• limiting the maximum and minimum time allowed for the log-on procedure;
  • not transmitting passwords in clear text over the network;
  • not displaying system or application identifiers until the logon process is successfully completed;
  • not proving help messages during the procedure;
  • validating the long-on information only on completion of all input data; and
  • not indicating which part of the logon was incorrect if an error condition arises.

All applicable legal requirements related to monitoring authorized access and unauthorized access attempts should be met. Notice should be provided that the personnel’s actions may be monitored, and that the personnel consents to such monitoring. Privileged operations, authorized and unauthorized access attempts, and system alerts or failures should be monitored. Monitoring includes inbound and outbound communications and file integrity monitoring. Unauthorized remote access connections to the network and information systems should be monitored and reviewed at least quarterly. Appropriate action should be taken when unauthorized connections are discovered.

All traffic leaving the organization should be monitored to detect any unauthorized use of encryption, terminate the connection and take corrective action. Network boundary devices, including firewalls, network-based IPS, and inbound and outbound proxies, are configured to verbosely log all traffic (both allowed and blocked) arriving at the device, which at a minimum should include the full packet header information and payload of the traffic destined for or passing through the network perimeter. Enterprise access from VLANs with BYOD systems or other untrusted devices are treated as untrusted. Filtering and auditing should be performed on this access accordingly.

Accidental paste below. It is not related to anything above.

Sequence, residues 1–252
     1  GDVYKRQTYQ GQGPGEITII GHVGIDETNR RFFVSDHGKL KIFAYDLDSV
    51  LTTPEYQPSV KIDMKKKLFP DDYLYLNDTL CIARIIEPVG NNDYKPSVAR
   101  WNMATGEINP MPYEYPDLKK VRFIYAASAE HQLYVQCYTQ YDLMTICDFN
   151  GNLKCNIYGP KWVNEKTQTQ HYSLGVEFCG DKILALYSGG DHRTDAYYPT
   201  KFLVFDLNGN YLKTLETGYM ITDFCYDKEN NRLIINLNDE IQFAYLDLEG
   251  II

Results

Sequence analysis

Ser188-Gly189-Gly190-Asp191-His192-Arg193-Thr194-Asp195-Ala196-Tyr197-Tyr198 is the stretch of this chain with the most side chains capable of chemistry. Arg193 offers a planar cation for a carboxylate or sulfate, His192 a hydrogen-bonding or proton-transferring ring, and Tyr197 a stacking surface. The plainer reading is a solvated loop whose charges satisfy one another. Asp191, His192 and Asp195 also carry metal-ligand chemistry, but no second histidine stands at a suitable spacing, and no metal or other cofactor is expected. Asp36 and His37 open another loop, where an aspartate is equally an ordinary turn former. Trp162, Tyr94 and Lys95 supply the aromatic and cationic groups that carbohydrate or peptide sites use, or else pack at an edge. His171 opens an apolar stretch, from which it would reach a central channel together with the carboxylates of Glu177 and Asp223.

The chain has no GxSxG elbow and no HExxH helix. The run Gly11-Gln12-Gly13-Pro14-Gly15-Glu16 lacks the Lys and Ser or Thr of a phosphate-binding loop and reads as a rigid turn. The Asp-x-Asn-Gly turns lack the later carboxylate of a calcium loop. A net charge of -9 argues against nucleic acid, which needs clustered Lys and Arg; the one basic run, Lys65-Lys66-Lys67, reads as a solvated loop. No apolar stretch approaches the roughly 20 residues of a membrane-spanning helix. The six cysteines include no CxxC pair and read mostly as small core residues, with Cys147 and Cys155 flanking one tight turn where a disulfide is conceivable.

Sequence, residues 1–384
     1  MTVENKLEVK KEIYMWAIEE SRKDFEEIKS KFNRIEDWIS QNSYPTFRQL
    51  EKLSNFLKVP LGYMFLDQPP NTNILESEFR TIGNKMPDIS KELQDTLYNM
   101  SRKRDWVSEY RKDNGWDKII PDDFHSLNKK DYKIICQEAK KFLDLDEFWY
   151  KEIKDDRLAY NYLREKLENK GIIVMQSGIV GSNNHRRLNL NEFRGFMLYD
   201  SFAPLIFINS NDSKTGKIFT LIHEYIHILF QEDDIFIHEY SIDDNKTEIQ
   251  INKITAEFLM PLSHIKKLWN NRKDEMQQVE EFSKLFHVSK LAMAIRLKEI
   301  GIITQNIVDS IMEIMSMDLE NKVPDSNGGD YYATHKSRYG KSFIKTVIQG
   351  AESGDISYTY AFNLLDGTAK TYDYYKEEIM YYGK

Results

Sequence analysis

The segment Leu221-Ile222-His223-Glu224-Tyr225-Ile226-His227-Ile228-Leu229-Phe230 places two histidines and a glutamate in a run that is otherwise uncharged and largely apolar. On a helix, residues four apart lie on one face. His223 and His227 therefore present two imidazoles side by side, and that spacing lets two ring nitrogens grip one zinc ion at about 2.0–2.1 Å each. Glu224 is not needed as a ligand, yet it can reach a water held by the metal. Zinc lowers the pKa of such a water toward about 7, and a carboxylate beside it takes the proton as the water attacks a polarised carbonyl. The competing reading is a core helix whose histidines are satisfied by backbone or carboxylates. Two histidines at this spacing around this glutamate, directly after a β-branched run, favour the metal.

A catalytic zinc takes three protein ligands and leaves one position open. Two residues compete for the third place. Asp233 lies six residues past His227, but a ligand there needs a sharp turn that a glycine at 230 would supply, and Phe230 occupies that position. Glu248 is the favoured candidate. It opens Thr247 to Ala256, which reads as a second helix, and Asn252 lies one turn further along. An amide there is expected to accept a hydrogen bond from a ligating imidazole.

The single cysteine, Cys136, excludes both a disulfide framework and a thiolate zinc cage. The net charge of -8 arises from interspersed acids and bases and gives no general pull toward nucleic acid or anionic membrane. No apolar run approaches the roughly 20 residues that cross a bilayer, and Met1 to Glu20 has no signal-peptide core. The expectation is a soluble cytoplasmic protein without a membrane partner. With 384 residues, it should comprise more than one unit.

To help identify covert channels exfiltration of data through a firewall, the built-in firewall session tracking mechanisms included in many commercial firewalls should be configured to identify TCP sessions that last an unusually long time. Alerts should be sent to personnel about the source and destination addresses associated with these long sessions.

Network-based DLP solutions should be used to monitor and control the flow of data within the network. Any anomalies that exceed the normal traffic patterns should be noted and appropriate action should be taken to address them. The network-based DLP solutions should also be used to monitor for sensitive information (e.g., personally identifiable information), keywords, and other document characteristics to discover unauthorized attempts to exfiltrate data across network boundaries and blocks such transfers while alerting information security personnel.